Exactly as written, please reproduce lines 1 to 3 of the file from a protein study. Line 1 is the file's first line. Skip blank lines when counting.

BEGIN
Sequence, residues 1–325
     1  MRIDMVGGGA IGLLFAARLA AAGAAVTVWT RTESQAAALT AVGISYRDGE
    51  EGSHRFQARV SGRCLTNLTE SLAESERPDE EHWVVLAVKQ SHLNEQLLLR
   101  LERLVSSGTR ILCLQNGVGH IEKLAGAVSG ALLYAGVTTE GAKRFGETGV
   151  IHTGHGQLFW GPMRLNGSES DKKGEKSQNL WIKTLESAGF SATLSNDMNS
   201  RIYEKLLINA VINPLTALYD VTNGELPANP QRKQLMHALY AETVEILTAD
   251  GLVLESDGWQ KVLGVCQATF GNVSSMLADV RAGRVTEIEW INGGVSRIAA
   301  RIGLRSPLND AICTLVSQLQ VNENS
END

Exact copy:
Sequence, residues 1–325
     1  MRIDMVGGGA IGLLFAARLA AAGAAVTVWT RTESQAAALT AVGISYRDGE
    51  EGSHRFQARV SGRCLTNLTE SLAESERPDE EHWVVLAVKQ SHLNEQLLLR